Now we all remember poor Billy at the end of the movie, making his excuses on the train and running home leaving the ending open to interpretation… So what do you think happened? Do you think there could have been a future for Billy and Barbara?
“Billy and Barbara? Oh yes, I mean… Was it last year or the year before?... hmm… Anyway there was a tour of Billy Liar and I was asked to play the mother, but I didn’t want to do it and people said “Oh Helen you’ll have gone full circle if you do that!” Because he would never have gone to London, he would never have had the courage and he would have come home and yes, he would have married Barbara and Barbara would have become mum and it would have gone round in a full circle! And that’s what happened when I did the play I thought yes, I’m just playing Barbara 30 years on!”
So how did you celebrate when you got the part?
“Well I was so innocent I didn’t really know what it all meant to do such a big film on 
location! But of course the best thing that happened was that I met my husband, he did sound on that film and the very first scene we did was the graveyard in November and I don’t know if you’ve ever sat on a gravestone in November? But it’s freezing! And this lovely man came up and said would I like to sit in the sound truck… Now I didn’t know what a sound truck was, some old common van…? But then he said “Would you like to borrow a coat?” and he lent me some old army duffle coat which I was glad of because it was so cold. When I went back I asked “Who was that nice man?” and they said he’s the sound recordist … and I didn’t know what that meant either! But he just seemed rather nice, that was the first week and we were up there for 8 weeks so I got to know him quite well… and we fell in love so it’s very special for me.”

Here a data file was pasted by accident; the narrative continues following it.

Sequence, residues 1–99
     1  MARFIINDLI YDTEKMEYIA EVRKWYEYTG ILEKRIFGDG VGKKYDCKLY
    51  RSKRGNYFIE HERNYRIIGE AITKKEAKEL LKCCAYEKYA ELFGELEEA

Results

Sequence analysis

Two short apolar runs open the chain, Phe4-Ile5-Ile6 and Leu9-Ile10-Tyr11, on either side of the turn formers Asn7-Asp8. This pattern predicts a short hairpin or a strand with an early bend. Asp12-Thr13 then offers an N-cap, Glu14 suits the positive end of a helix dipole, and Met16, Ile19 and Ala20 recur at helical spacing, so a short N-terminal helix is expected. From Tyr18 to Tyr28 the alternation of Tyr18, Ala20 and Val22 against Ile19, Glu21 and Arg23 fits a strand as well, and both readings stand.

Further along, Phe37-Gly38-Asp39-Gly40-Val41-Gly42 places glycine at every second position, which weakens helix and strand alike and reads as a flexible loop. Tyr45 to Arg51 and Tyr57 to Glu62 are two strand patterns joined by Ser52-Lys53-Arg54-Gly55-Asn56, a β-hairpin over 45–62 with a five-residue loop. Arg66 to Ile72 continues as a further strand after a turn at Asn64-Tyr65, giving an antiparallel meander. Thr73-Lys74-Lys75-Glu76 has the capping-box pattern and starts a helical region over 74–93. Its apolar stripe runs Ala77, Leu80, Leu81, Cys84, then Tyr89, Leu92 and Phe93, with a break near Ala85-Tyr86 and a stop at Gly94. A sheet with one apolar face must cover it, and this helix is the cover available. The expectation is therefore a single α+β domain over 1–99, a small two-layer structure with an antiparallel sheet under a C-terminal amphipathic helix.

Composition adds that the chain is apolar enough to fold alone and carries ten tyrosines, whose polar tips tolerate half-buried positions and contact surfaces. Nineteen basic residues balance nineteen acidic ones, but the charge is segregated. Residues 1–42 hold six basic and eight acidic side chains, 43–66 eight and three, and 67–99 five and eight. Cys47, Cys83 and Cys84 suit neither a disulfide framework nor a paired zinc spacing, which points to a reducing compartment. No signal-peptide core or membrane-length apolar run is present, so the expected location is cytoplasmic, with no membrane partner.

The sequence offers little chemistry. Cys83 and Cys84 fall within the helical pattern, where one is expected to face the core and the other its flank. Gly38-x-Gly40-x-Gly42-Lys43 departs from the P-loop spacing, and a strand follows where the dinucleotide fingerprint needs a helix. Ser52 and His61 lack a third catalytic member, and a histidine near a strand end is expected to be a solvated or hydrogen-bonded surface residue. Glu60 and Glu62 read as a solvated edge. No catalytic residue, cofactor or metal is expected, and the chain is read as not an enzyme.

So talking of that scene in the graveyard, exactly how many oranges did you have to peel?!
“To tell you the truth I didn’t have to peel them because we had prop men… and there was continuity to think about so the propman had to know how many segments I’d eaten on that particular sentence and so I didn’t have to do the job of peeling them… But I did have the job of eating them…”
How many did you eat?!
“Oh I can’t remember but I didn’t want to see oranges for a long time I can tell you! They’re such messy things, full of juice and the poor wardrobe people had to come and dab my blouse for continuity!”
All this talk of oranges made me hungry, I took another sandwich and thought it only polite to offer Helen one again, this time she took one and as we munched, I changed the subject. 
So, now Barbara was such a sweet character, who did you base her on?
“Well I had never read the book to tell you the truth, I had just read the film script,
but the thing was that Barbara was so like me, so precise and correct… and I was looking for a little Billy and a little Barbara and a cottage in the country and that was in a way my dream as well so… it sounds awful but it almost like I was playing myself, but with an actress technique. Tom [Courtney] had been in my class in RADA so I knew him very well, so there were no barriers to break down and it was easy to act with him.”
So what is Tom Courtney like?
“Yes he is, very quiet…”
And so different to Billy?
“Yes, yes… He’ll never live down Billy, I mean he’ll always be Billy Liar to people”
Do you think they’ll ever make another Billy?
“They couldn’t! They couldn’t manage it! It’s a classic, I mean I haven’t made many films but most of the ones I have made have become classics and that’s certainly one of them. You know they revived it last year, because it was 50 years old and they had a new version of it. But you know it still stands up, it still makes people laugh, people recognise families in it – so no, no they could never remake it.”